Advertisement
Browse Subject Areas
?

Click through the PLOS taxonomy to find articles in your field.

For more information about PLOS Subject Areas, click here.

  • Loading metrics

Protection in Macaques Immunized with HIV-1 Candidate Vaccines Can Be Predicted Using the Kinetics of Their Neutralizing Antibodies

  • David Davis ,

    davis@bprc.nl

    Affiliation Department of Virology, Biomedical Primate Research Centre, Rijswijk, The Netherlands

  • Wim Koornstra,

    Affiliation Department of Virology, Biomedical Primate Research Centre, Rijswijk, The Netherlands

  • Daniella Mortier,

    Affiliation Department of Virology, Biomedical Primate Research Centre, Rijswijk, The Netherlands

  • Zahra Fagrouch,

    Affiliation Department of Virology, Biomedical Primate Research Centre, Rijswijk, The Netherlands

  • Ernst J. Verschoor,

    Affiliation Department of Virology, Biomedical Primate Research Centre, Rijswijk, The Netherlands

  • Jonathan L. Heeney,

    Affiliations Department of Virology, Biomedical Primate Research Centre, Rijswijk, The Netherlands, Laboratory of Viral Zoonotics, University of Cambridge, Cambridge, United Kingdom

  • Willy M. J. M. Bogers

    Affiliation Department of Virology, Biomedical Primate Research Centre, Rijswijk, The Netherlands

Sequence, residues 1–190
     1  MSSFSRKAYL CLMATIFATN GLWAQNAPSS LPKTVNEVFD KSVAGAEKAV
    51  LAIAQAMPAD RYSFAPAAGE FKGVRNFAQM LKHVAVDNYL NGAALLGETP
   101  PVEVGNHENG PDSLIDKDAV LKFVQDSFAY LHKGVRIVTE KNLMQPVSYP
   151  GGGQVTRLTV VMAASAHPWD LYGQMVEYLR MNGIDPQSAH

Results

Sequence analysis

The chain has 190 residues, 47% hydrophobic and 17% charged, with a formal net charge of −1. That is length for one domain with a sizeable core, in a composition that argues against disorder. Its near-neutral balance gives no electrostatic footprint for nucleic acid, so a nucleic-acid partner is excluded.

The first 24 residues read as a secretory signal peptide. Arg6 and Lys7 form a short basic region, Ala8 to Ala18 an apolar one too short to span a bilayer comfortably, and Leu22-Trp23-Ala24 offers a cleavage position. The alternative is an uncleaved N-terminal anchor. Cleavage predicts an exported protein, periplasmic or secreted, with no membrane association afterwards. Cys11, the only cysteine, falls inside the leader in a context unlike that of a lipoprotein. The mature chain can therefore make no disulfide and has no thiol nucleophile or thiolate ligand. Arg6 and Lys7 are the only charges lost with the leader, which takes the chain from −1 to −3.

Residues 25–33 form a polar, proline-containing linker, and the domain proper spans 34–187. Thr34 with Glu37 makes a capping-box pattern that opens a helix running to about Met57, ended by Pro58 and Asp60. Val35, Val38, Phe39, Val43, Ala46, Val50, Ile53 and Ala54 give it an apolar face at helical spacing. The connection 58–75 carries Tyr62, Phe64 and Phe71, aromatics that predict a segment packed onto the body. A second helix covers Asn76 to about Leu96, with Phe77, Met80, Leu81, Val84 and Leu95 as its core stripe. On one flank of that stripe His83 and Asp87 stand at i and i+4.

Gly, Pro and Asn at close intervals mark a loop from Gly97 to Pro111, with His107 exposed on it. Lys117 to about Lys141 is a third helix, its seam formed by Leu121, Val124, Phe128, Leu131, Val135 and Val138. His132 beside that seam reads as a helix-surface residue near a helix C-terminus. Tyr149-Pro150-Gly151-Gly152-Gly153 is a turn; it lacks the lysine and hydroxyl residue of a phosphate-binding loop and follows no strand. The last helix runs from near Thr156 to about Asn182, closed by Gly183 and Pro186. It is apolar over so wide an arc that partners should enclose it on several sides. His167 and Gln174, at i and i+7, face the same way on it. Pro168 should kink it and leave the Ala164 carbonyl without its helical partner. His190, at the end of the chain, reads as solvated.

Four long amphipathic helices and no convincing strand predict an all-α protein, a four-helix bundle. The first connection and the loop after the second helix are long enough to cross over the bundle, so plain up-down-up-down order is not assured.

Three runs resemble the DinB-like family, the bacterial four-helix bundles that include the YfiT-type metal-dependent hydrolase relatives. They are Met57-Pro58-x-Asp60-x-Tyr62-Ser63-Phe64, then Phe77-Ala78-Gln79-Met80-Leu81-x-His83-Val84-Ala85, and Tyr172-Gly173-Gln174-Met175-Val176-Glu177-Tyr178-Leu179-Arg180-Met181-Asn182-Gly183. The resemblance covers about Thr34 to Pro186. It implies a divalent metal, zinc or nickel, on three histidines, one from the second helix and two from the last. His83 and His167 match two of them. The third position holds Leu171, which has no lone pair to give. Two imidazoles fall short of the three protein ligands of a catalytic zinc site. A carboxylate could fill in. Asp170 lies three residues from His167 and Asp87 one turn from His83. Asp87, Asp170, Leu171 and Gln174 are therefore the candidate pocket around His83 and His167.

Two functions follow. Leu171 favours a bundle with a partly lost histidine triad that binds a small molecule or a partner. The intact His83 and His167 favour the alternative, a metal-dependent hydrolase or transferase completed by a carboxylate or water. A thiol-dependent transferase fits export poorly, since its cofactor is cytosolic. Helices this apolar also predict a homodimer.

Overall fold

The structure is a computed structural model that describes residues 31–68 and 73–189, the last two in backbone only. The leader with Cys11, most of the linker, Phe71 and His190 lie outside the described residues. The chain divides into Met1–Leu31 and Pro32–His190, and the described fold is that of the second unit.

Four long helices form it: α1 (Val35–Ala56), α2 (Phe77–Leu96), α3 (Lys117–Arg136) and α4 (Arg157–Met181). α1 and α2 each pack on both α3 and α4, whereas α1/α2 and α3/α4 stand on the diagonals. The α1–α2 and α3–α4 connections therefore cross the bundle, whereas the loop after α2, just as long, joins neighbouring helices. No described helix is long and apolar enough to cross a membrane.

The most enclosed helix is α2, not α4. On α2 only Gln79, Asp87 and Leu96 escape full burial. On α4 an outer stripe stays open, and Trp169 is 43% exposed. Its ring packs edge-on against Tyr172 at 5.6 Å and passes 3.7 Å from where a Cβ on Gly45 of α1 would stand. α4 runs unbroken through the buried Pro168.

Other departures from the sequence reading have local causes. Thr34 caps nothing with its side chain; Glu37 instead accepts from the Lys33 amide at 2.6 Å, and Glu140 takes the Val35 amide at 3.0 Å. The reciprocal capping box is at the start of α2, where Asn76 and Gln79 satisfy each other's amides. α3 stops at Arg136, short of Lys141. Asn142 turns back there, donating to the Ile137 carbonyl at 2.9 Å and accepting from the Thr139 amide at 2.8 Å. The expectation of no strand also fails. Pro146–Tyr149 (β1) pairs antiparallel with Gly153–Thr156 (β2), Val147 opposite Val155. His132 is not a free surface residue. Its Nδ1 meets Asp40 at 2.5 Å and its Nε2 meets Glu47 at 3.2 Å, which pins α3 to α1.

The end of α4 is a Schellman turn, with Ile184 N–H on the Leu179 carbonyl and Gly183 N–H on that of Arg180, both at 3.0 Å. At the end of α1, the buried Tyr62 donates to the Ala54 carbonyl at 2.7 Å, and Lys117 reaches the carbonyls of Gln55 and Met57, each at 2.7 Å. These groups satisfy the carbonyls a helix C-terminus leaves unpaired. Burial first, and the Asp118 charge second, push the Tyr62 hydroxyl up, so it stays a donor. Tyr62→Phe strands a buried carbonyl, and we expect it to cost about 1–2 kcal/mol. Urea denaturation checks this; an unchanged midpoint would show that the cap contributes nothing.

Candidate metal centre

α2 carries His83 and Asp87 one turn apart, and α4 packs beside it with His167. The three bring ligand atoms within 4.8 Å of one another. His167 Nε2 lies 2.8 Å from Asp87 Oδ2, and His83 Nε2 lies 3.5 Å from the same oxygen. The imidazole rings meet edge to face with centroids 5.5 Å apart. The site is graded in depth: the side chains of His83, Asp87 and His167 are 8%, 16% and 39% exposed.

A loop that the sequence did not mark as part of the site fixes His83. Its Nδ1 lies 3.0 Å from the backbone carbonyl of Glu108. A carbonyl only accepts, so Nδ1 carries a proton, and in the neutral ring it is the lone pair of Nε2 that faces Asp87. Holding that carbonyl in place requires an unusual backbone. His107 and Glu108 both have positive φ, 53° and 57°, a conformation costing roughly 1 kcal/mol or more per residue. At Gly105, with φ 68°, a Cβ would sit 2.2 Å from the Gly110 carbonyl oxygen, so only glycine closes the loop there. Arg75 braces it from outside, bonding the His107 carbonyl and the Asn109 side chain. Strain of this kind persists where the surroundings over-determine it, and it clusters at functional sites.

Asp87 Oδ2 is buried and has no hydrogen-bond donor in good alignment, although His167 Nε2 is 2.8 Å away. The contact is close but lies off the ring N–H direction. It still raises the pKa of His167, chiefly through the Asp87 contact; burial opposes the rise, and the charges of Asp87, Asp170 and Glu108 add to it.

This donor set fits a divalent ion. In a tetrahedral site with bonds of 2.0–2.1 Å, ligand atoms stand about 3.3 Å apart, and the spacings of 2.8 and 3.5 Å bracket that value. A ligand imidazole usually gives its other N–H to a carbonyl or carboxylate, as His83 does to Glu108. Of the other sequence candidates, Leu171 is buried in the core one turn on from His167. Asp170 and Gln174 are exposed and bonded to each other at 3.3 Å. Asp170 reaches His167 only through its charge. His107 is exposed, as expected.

Protection in Macaques Immunized with HIV-1 Candidate Vaccines Can Be Predicted Using the Kinetics of Their Neutralizing Antibodies

  • David Davis, 
  • Wim Koornstra, 
  • Daniella Mortier, 
  • Zahra Fagrouch, 
  • Ernst J. Verschoor, 
  • Jonathan L. Heeney, 
  • Willy M. J. M. Bogers
PLOS
x

Abstract

Background

A vaccine is needed to control the spread of human immunodeficiency virus type 1 (HIV-1). An in vitro assay that can predict the protection induced by a vaccine would facilitate the development of such a vaccine. A potential candidate would be an assay to quantify neutralization of HIV-1.

Methods and Findings

We have used sera from rhesus macaques that have been immunized with HIV candidate vaccines and subsequently challenged with simian human immunodeficiency virus (SHIV). We compared neutralization assays with different formats. In experiments with the standardized and validated TZMbl assay, neutralizing antibody titers against homologous SHIVSF162P4 pseudovirus gave a variable correlation with reductions in plasma viremia levels. The target cells used in the assays are not just passive indicators of virus infection but are actively involved in the neutralization process. When replicating virus was used with GHOST cell assays, events during the absorption phase, as well as the incubation phase, determine the level of neutralization. Sera that are associated with protection have properties that are closest to the traditional concept of neutralization: the concentration of antibody present during the absorption phase has no effect on the inactivation rate. In GHOST assays, events during the absorption phase may inactivate a fixed number, rather than a proportion, of virus so that while complete neutralization can be obtained, it can only be found at low doses particularly with isolates that are relatively resistant to neutralization.

Conclusions